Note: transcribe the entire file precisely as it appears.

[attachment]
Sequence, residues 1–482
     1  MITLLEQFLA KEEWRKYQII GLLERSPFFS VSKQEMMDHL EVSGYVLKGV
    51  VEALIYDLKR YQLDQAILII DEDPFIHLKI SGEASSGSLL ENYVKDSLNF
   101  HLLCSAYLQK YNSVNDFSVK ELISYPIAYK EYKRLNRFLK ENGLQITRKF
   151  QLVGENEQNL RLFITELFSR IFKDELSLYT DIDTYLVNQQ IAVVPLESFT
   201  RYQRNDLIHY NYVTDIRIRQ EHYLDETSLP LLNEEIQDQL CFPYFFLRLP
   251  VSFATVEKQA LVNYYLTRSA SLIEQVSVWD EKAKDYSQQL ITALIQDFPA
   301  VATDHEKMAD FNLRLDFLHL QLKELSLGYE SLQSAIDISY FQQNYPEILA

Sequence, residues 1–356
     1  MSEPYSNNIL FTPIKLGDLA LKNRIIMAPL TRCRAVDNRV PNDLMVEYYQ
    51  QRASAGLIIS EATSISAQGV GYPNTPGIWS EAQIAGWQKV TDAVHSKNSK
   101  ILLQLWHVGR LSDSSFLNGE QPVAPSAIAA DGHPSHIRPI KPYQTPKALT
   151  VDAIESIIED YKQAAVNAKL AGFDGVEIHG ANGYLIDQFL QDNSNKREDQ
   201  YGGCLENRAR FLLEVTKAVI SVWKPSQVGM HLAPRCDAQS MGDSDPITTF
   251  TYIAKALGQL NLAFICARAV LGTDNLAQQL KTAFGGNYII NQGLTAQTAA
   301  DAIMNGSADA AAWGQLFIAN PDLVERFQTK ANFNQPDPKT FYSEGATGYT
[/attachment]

Sequence, residues 1–482
     1  MITLLEQFLA KEEWRKYQII GLLERSPFFS VSKQEMMDHL EVSGYVLKGV
    51  VEALIYDLKR YQLDQAILII DEDPFIHLKI SGEASSGSLL ENYVKDSLNF
   101  HLLCSAYLQK YNSVNDFSVK ELISYPIAYK EYKRLNRFLK ENGLQITRKF
   151  QLVGENEQNL RLFITELFSR IFKDELSLYT DIDTYLVNQQ IAVVPLESFT
   201  RYQRNDLIHY NYVTDIRIRQ EHYLDETSLP LLNEEIQDQL CFPYFFLRLP
   251  VSFATVEKQA LVNYYLTRSA SLIEQVSVWD EKAKDYSQQL ITALIQDFPA
   301  VATDHEKMAD FNLRLDFLHL QLKELSLGYE SLQSAIDISY FQQNYPEILA

Sequence, residues 1–356
     1  MSEPYSNNIL FTPIKLGDLA LKNRIIMAPL TRCRAVDNRV PNDLMVEYYQ
    51  QRASAGLIIS EATSISAQGV GYPNTPGIWS EAQIAGWQKV TDAVHSKNSK
   101  ILLQLWHVGR LSDSSFLNGE QPVAPSAIAA DGHPSHIRPI KPYQTPKALT
   151  VDAIESIIED YKQAAVNAKL AGFDGVEIHG ANGYLIDQFL QDNSNKREDQ
   201  YGGCLENRAR FLLEVTKAVI SVWKPSQVGM HLAPRCDAQS MGDSDPITTF
   251  TYIAKALGQL NLAFICARAV LGTDNLAQQL KTAFGGNYII NQGLTAQTAA
   301  DAIMNGSADA AAWGQLFIAN PDLVERFQTK ANFNQPDPKT FYSEGATGYT